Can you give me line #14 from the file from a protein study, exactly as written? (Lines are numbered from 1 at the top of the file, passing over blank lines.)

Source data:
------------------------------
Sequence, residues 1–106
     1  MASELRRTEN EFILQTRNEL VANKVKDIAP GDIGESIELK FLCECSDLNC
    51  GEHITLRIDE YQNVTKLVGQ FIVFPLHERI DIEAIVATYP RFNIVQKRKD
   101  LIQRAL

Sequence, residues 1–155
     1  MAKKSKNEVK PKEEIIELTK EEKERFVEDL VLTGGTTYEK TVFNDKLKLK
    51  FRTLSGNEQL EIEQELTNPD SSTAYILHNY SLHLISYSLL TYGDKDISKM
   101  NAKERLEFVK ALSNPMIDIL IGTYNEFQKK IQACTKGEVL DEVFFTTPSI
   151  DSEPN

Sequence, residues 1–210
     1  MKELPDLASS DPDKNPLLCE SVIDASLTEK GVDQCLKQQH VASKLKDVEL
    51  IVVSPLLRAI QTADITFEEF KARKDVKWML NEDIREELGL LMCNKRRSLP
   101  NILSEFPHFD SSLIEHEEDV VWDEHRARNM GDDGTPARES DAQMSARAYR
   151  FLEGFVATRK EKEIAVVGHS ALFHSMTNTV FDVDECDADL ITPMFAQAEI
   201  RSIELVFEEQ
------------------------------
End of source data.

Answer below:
   151  FLEGFVATRK EKEIAVVGHS ALFHSMTNTV FDVDECDADL ITPMFAQAEI